“Where have you been?” Anders asked. Without waiting for an answer, he hollered back into the house, “Mom, we’re leaving and won’t be back until after dark. See you later!” He pushed Paign back out the door, at the same time hoisting his backpack onto his shoulders.
“Come on!” he yelled at Paign, as he jumped off the porch at a run. “You know how Freida gets when we’re late!”
It was a marvel how fast Anders could be. Since he was also already a brighter student, it annoyed Paign that he couldn’t quite catch up to Anders.Well, I have a sword swinging into my knee!Paign thought. But he didn’t say anything and just kept running after Anders.
Nearing the gate of the Skulstad’s farmhouse, he could see Freida stomping in the snow behind the barn. Their huge mastiff, Tiny, chained to the porch’s corner post, yawned lazily as he watched Paign run by. Paign smiled to himself at the notion of such an enormous dog being named Tiny, but he knew it was because Freida had fallen in love with the runt of the Olson’s mastiff litter. While Tiny gave no heed to Anders or Paign, since they were around Freida so often, he was truly fearsome to strangers.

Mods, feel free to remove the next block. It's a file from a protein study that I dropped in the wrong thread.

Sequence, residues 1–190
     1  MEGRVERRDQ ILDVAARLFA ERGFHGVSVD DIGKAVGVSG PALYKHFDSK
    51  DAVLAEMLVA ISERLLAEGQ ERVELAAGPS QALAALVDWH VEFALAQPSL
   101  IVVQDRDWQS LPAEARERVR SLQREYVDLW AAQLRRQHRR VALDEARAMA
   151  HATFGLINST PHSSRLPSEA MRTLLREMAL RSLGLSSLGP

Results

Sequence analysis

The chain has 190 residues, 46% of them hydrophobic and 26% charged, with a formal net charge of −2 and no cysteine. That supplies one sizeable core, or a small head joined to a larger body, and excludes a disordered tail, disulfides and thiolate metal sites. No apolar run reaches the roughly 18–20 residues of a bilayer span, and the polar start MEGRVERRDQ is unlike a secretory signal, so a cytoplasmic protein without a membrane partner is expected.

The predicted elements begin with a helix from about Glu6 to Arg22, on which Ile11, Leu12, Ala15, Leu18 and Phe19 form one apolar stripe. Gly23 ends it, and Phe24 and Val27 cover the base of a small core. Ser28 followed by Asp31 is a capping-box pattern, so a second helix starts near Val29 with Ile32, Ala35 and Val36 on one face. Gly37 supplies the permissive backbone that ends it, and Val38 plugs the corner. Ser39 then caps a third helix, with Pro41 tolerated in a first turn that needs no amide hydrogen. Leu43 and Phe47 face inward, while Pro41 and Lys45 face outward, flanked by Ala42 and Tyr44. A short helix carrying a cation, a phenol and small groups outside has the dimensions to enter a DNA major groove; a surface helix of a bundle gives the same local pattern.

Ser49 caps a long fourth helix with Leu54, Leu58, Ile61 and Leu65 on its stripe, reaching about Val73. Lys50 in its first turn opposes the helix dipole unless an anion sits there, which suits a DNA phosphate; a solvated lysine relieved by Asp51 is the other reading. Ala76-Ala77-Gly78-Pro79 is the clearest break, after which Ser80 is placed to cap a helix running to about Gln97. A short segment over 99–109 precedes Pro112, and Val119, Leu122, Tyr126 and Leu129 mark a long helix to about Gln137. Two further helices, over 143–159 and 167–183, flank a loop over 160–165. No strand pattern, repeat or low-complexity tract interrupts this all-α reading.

“You’re late!” Freida said to Anders, who had already jogged around the corner of the barn. Without even looking at Paign, she turned on her boot heels and strode up the snow-covered pasture towards the edge of the tree line that marked the base of the ridge. High above, dominating the horizon of their little valley, the ridgeline erupted more than three thousand feet into a jagged sky.
They hiked along the existing snow trail made by the trampling of Freida’s goats and sheep, for more than an hour without speaking. Freida led them with a ferocious pace. Anders, just ahead of Paign, was puffing like the steam train that went through their valley twice a month. Paign’s throat felt like it was on fire from his hard breathing in this bitter-cold landscape. He was sure that Freida felt every bit as much discomfort as he did. Her pace was her way of showing she was still angry with him for not believing her, Paign was certain. Had he asked, he would have learned how right he was.
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